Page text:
The story plays on a science fiction idea that I find particularly chilling and resonant, the idea of the extraterrestrial living as a human, in a double fashion. The narrator's poetically outsiderish viewpoint presents both her behavior and Mr. Morrison's (to her) fascinating body as potentially non-human in the normal sense, without actually tipping over into "real" science fiction. Another slipstream precursor.
Check out this amazing 5 minute film by her husband Ed (who was also a science fiction illustrator) for a companion piece. It also defamiliarizes the body and the world around us in artful fashion. I like Lynch as much as the next geek, but please don't call it "Lynchian," it predates Lynch by decades. Thank you.
From Calling the Wind:
Has Anybody Seen Miss Dora Dean? by Ann Petry: On a pleasant evening, the narrator receives a phone call informing her that her long-time acquaintance, Sarah Forbes, is dying, and demands that the narrator come visit in order to accept a bequeathment before death comes. Those dishes serve as the Rosebud from which unspools the mysterious and lively story of Sarah and her husband, a perfect butler and imperfect husband who ended his own life in sordid, unexpected fashion. Sarah's complex life, from spirited party girl to domineering matriarch, is interesting enough in itself, and the resolution of the mystery seems surprisingly modern for 1958. It's one of those situations when a contemporary reader (at least this one) is surprised that people wrote about such things with any sensitivity back then.
It's also one of the most entertaining and suspenseful stories I've read in this whole project, and I'm hungry to read more by Ann Petry.
Mother Dear and Daddy by Junius Edwards: a clutch of put-upon siblings are awakened one night by mysterious visitors. This short melodrama rips into the internalized racism of light-skinned vs. dark-skinned prejudice with heartbreaking force. It also reminds me of something I'd forgotten; in childhood, intense emotions tend to become entangled with whatever is in front of you (a house, a car, an adult) so that whatever's filling your sight and whatever's filling your heart get fused in a perplexing and powerful fashion.
Also, this could be the beginning of an African-American Flowers in the Attic. Some enterprising writer should run with that.. Send me a copy!
From Best American Short Stories:
The Resemblance Between a Violin Case and a Coffin by Tennessee Williams: a young boy (let's call him Tennessee) and his sister are best friends, until one day she undergoes a mysterious change (probably menstruation, although we're never told and the family treats it like a solemn Bene Gesserit rite of passage) and separates from him. She is a competent student pianist, and is scheduled to play a duet with a boy named Richard at an upcoming recital. Richard is handsome to the point of perfection, and he makes her so nervous that her chops turn to trash whenever she plays with him. Meanwhile, l'il Tennessee spies on them, and falls in love with the boy himself.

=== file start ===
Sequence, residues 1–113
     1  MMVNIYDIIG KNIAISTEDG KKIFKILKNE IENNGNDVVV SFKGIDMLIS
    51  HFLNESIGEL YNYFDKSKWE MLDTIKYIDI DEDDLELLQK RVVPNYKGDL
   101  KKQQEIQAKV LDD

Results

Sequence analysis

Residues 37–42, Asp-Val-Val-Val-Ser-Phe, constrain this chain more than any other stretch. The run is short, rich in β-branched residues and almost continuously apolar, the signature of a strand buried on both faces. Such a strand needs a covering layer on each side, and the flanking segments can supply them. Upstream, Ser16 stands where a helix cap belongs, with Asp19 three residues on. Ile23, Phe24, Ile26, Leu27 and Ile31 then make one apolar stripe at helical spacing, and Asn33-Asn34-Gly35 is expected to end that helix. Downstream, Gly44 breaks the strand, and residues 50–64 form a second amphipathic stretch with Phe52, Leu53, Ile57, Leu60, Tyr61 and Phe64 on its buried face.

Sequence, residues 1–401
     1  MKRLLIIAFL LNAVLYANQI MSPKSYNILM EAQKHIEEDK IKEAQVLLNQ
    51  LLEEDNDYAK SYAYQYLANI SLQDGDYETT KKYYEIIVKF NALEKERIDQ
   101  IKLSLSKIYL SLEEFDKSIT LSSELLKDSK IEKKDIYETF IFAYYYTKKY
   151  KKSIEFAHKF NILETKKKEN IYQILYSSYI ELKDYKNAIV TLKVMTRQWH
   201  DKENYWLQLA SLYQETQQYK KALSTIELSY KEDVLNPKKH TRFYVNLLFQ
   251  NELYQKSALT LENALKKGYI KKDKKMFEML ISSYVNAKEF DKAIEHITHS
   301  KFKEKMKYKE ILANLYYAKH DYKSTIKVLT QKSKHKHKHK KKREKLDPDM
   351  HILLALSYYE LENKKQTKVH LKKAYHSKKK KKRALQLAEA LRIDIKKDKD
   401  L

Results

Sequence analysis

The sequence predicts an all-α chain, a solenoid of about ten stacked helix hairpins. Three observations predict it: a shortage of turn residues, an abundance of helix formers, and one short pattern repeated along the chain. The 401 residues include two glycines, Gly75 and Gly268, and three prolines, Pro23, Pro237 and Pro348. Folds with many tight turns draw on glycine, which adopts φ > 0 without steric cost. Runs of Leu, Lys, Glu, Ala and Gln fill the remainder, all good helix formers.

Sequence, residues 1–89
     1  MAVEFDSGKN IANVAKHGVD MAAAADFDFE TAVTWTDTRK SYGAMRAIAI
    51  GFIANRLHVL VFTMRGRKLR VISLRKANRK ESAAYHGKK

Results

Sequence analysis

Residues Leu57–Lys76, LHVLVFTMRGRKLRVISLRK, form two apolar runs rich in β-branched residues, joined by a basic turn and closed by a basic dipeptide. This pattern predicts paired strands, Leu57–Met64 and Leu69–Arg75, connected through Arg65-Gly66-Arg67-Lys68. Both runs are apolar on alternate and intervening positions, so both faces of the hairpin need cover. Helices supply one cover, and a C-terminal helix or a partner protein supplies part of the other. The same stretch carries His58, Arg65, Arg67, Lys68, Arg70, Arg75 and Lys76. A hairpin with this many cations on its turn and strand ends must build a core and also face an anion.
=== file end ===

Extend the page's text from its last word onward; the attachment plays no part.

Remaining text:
Williams doesn't write this as a script in prose form the way one might have expected; it's very interior, and the paragraphs are thick and long. Of course, his scripts often have a frustrated prosesmith quality, so maybe its not surprising that he'd go full Henry James given the opportunity. Anyway, it's impressive that he wrote about his own homosexuality as unashamedly as he did; his rhapsodies over his first crush aren't bashful at all.
The Country Husband by John Cheever: Cheever gives us a story about a suburban husband and father whose life is superficially the 50s ideal, but there are harbingers early on that chaos reigns. First, his flight almost crashes and has an emergency landing. Then, no one will listen to his account of the nearly fatal emergency. His family's deftly choreographed squabbling put me in mind of those UPA animations like Gerald McBoingboing or Mr Magoo from the same era as this story, and that's not a bad way to visualize Cheever's world generally.
Our protagonist has a passing encounter with a maid whom he saw get shamed and degraded a decade before when he was a soldier in Europe; she was publicly shaved and stripped for having an affair with a Nazi soldier. She doesn't return to the story, but this warning about the consequences of illicit love sets the stage for what happens next; our protagonist is smitten by a young babysitter.
The story of his terrible behavior from there is a complex tragicomedy. The narrative is as stuffed with walk-on characters as an episode of Fibber McGee and Molly, each of whom reveals something about the sorrows and dissatisfaction which the camera-ready neighborhood contains and conceals. (My favorite, a pretentious beatnik who turns out to be the babysitter's fiance, manages both to be correct and insufferable, and I'd love to read more about him.) One of Cheever's specialties was to show the wheels coming off someone's American dream, a premise for which I have a bottomless appetite. Writers as distinct as Fay Weldon and Ramsey Campbell are his lovely descendants.